Dish

Cosy up to comfort food in a comfy place

3fd6e4c4-f5d6-4e38-9308-7d1683a371d2

There is nothing better than a warm bowl of soup on a rainy day. Well, there
is one thing better: a great café in your own neighbourhood that makes
the soup for you.

The Mill Creek Café is situated in an innocuous building just west of
where Whyte Avenue crosses the Mill Creek ravine. It is a great place to meet
after an invigorating walk through the ravine, particularly a walk in the
rain.

The brass bells on the door tinkled as my friend and I came in out of the
rain and with our kids, strollers and bags in tow. Our first sight was a
display of incredible baking in the display case, which was filled with
squares and pies. The banana cream pie looked incredibly fluffy and was piled
high with meringue.

As we looked for a place to sit, I noted an eclectic mix of high chairs, low
chairs, high tables and low tables. The overall atmosphere was comfortably
casual and therefore able to accommodate our sprawling crew. For those dining
alone on a quick lunch or snack, I saw an ample supply of newspapers and
magazines.

Menus hung above the till and the daily special board announced two soups of
the day: a green minestrone and a pork, sweet potato and black-eyed pea.
Other items such as the Mill Creek salad—explained to me as Greek in a
base of cabbage—and the spinach and artichoke dip looked tempting, but
the chilly drizzle outside dictated that we needed homey, warming
cuisine.

My friend ordered a café latte ($3.75), a quesadilla with chorizo
($9.25) and a cup of the green minestrone ($2). I decided to warm myself with
a chai latte ($3.75), a Reuben sandwich ($7.25) and a cup of the pork, sweet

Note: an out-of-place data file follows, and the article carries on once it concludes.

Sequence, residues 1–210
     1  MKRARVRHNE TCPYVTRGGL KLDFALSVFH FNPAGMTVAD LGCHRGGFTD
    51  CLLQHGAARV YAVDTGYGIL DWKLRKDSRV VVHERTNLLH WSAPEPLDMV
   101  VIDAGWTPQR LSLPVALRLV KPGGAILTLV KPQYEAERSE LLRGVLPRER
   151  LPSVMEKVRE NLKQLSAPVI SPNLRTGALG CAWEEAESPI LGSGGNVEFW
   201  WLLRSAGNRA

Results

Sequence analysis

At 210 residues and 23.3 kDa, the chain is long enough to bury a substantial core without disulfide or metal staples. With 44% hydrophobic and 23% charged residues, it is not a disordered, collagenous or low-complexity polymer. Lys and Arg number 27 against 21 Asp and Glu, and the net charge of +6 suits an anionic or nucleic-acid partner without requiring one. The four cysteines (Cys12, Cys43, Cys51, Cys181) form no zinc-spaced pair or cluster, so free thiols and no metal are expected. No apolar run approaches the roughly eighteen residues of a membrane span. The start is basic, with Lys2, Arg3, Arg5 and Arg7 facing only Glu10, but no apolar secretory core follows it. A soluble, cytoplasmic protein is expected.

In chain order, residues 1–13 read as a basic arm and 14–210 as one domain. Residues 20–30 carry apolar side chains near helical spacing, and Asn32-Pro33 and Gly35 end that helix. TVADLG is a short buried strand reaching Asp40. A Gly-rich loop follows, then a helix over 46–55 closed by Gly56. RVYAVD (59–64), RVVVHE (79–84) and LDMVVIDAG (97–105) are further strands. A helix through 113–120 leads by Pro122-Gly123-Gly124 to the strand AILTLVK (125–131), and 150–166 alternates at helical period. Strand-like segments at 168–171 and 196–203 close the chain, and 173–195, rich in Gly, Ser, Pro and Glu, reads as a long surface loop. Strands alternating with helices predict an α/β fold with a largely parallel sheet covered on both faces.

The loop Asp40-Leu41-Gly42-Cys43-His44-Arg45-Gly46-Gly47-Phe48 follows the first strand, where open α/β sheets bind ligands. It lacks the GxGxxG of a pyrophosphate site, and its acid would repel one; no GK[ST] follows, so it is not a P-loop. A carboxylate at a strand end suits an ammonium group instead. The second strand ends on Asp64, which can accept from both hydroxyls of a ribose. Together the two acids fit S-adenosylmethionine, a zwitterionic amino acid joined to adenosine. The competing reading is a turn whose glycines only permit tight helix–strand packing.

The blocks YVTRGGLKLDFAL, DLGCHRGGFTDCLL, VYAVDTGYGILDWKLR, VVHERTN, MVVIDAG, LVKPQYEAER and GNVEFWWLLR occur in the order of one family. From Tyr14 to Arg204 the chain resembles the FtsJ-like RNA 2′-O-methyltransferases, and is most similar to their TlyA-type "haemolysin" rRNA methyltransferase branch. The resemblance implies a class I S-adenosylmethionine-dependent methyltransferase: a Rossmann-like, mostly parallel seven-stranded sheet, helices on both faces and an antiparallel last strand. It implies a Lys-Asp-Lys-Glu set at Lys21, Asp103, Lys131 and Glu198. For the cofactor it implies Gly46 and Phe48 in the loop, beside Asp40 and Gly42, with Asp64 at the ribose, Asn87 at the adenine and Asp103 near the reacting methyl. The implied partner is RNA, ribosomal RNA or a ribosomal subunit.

potato and black-eyed pea soup ($2.00). There was a nice selection of
teas—some loose (the Blood Orange looked especially tempting), along
with teabags of fruit tisanes and some European teas.

We sat down at a table near the door. I brought my friend’s toddler
a “yummy cookie” ($1.50) from the counter to stave off the
hungries until lunch was assembled. He definitely agreed with the description
of the cookie. (It helped that it was also a very large “yummy
cookie.”) Very soon our beverages arrived in tall glass mugs. My friend
said the coffee was good; my chai was delicately spiced and not too
sweet.

The soups followed shortly after. My friend’s green minestrone was a
subtle mix of flavours: zucchini, peas, celery and onions combined delicately
to create a light, warming soup. There were also a few macaroni noodles
thrown in for good measure.

I warmed myself up with my soup while it was hot, and it tasted as good as
its description. A rich, satisfying flavour, along with some telltale oil
drops on the surface of the soup, told me that the cooks had likely used the
pork drippings for the broth. This fantastic base melded with a somewhat
sweet broth from the sweet potatoes and caramelizing of onions. Combined with
pieces of pulled pork, the whole made for a savoury, very chill-banishing
soup.

Next up, my friend’s quesadilla was a predictable mix of cheese, onions
and bell peppers, accompanied by salsa and tortilla chips. The salsa was a
little bland and the chips from a bag. Spicy chorizo sausage distinguished
this quesadilla from its plainer cousins, however, and a whole wheat tortilla
was a nice touch.

The weather had worked up my appetite, so I immediately dug into my Reuben
when it arrived. The pastrami on my buttery sandwich was sliced very thinly
and lightly fried, just the way I like it. The housemade nine-grain bread
bookending my sandwich was incredible: it was fresh and hearty, complete with
whole grains and visible carrots. Sauerkraut rounded out the sandwich; with a
couple of dips into a side of mustard, I was heartily satisfied.

I finished my soup and was getting ready to go when my baby started fussing.
As I walked around the restaurant settling the baby, I got a good look at the
local artwork displayed on the soothing green walls. Suddenly, plate-sized
cinnamon buns stopped me in my tracks. When I asked if they were good, both
women nodded emphatically and added that the cream cheese on the top was
homemade, too.

Our total for lunch was $28.50 including GST. I couldn’t decide on a
dessert so I purchased a bag of the nine-grain bread and walked back out into
the deluge to start building my Ark.

If you are in the area, it is definitely worth stopping at Mill Creek to
sample the goodies here. If you live in the area, you probably already do.
The food is innovative and the baking is spectacular. Even finding parking is
a breeze, so you have no excuse not to stop! V

Mon – Fri to 6 pm, Sat to 5 pm, Sun to 4:30 pm
Mill Creek Café
9562 – 82 Avenue
439.5535

Leave a Comment

*